Any of you who read my first (or third) blog post is probably able to make an educated guess that I am a Star Wars fan. And, like many of my fellow Star Wars nerds, I am a fan of the Star Wars novels. Well, most of them anyways. While there have, without a doubt, been a good number of great Star Wars books, there have also been a great many misfires. The following list chronicles the best and worst Star Wars novels out there at this time, and will give those that are new to Star Wars novels a clear set of recommendations, as well as a clear list of those that should be avoided.
Star Wars: The Black Fleet Crisis
The Black Fleet Crisis is nothing short of amazing. Like X-Wing, it has a lot to do with politics. And those politics are handled extremely well. Characters are strong, and how characters interact with each other makes a lot of sense, and this is because of the excellent and logical motives that guide each characters actions. The action sequences themselves are also exceptional, but that is true of almost all Star Wars books. So, in short, this book flawlessly combines the politics of the Star Wars universe with excellent storytelling and great action sequences. A masterpiece.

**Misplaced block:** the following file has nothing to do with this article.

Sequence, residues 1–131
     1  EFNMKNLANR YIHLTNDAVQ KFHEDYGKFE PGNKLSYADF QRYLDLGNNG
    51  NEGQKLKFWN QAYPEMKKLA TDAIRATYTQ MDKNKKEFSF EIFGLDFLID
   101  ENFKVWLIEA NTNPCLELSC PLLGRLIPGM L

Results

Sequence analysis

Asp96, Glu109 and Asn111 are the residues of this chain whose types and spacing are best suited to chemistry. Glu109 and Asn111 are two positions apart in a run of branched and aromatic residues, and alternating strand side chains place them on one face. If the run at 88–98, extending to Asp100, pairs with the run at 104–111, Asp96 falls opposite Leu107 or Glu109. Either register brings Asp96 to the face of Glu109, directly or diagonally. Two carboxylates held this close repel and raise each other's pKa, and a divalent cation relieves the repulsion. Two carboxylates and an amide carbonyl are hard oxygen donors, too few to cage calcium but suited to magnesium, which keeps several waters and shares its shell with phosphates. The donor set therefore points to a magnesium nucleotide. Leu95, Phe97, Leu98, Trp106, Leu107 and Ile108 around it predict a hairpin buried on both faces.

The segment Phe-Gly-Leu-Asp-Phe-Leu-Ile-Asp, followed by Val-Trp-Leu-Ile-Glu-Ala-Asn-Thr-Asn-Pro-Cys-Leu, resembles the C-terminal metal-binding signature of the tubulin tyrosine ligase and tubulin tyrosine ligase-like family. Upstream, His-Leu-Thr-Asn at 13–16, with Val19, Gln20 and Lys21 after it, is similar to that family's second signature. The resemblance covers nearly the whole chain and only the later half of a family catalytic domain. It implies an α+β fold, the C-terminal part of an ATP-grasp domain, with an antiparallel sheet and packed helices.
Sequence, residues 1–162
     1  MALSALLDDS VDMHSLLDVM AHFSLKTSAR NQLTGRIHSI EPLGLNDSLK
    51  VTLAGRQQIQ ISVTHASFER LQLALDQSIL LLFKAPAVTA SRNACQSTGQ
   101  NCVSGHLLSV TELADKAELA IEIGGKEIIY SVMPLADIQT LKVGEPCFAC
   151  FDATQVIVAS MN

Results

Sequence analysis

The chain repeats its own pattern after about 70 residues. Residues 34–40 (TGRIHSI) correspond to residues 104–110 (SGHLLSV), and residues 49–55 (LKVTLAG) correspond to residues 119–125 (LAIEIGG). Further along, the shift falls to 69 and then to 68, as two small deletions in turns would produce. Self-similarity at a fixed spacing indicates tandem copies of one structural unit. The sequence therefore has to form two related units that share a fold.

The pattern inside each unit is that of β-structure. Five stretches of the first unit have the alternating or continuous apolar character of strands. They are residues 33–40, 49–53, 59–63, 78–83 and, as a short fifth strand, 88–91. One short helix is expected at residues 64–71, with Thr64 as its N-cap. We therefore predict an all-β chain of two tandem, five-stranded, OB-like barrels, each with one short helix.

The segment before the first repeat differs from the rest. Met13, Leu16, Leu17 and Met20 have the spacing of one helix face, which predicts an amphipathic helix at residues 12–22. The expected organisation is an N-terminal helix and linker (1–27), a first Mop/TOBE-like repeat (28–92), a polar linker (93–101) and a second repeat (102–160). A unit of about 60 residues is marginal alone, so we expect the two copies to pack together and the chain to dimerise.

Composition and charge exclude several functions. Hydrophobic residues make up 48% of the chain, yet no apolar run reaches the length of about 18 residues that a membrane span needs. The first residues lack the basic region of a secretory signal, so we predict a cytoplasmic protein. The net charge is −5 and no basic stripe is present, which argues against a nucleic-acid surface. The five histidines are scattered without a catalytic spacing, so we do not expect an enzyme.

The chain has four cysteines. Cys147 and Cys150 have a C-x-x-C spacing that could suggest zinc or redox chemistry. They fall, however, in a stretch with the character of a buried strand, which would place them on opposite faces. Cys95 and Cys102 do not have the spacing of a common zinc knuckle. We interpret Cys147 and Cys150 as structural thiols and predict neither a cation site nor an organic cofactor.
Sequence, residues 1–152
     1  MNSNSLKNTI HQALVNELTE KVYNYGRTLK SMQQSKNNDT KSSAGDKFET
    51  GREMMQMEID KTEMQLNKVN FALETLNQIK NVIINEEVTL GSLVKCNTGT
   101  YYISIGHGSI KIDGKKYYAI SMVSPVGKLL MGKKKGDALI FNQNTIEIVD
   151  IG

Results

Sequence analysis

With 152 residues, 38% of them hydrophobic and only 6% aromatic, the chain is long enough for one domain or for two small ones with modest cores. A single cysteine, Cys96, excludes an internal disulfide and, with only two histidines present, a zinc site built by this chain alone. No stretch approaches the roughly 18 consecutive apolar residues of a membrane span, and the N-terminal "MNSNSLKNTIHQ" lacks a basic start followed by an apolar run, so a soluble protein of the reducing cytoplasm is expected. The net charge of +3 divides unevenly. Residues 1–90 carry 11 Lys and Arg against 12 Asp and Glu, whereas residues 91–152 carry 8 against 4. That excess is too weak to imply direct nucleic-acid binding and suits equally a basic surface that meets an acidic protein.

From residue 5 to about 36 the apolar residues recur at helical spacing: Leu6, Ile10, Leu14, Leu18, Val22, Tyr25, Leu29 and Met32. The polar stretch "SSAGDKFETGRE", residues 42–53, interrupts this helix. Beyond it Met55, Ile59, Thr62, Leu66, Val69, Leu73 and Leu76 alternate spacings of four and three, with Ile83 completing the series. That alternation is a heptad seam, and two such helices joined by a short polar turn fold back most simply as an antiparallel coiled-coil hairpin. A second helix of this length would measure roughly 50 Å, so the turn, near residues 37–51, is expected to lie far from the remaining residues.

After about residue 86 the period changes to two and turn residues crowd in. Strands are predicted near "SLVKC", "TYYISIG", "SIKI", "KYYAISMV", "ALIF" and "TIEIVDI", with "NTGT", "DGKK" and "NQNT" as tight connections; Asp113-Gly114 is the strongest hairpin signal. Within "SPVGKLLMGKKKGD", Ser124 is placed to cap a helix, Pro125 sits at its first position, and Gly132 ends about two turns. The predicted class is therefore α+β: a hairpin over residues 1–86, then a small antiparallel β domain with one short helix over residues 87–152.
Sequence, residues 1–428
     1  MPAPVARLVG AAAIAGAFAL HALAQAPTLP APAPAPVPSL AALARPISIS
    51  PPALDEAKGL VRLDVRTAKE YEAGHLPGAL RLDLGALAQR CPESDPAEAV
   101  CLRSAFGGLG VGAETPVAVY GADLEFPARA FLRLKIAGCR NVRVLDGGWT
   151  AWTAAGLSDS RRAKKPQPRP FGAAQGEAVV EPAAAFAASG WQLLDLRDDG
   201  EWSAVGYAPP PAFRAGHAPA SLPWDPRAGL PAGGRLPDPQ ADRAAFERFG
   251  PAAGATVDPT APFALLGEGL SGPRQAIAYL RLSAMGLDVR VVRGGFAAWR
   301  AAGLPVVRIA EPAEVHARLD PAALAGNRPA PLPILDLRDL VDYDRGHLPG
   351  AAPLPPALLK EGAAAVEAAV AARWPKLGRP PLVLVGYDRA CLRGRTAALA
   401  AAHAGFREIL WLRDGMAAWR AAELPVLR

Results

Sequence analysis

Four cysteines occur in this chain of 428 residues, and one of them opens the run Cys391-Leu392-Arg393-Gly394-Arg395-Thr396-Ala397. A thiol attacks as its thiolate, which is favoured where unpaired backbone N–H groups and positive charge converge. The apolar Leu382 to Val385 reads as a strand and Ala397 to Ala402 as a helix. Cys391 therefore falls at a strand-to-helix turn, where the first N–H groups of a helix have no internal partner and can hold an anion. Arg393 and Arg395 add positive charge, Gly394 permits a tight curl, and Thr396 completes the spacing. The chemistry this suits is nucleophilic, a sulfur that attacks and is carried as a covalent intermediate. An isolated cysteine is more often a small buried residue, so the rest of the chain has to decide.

Star Wars Republic Commando (Hard Contact, Triple Zero, True Colors, Order 66)
Hard Contact is easily one of the best Star Wars novels out there. It is related to the Republic Commando video game, but deals with an entirely different squad of Commandos. This series does have overlap with the game, as all of Delta squad are recurring characters, but it follows the adventures of Omega Squad. The entire series explores how the clone troopers were actually treated. It also focuses in on the fact that clone troopers are people too. And in the end, it turns out that they may actually be more human than those who surround them, as their feelings and emotions begin to surface.
The Thrawn Trilogy
I’m not sure if this trilogy is actually called by any specific name. I’ve heard it called the Heir to the Empire trilogy, but I refer to it as simply “The Thrawn Trilogy”, after the main antagonist, Admiral Thrawn. Anyways, this series contains three books (Heir to the Empire, Dark Force Rising, and The Last Command). All three are extremely interesting, and deal with how power truly can twist an individual, and what a Jedi really is. Through his extensive use of imagery, Zahn creates an amazing world that truly feels like something right out of the Star Wars universe. The fact that they are officially recognized as canon should be enough to spark the interest of anyone with even a passing like of Star Wars.
Star Wars The New Jedi Order: Traitor & Dark Journey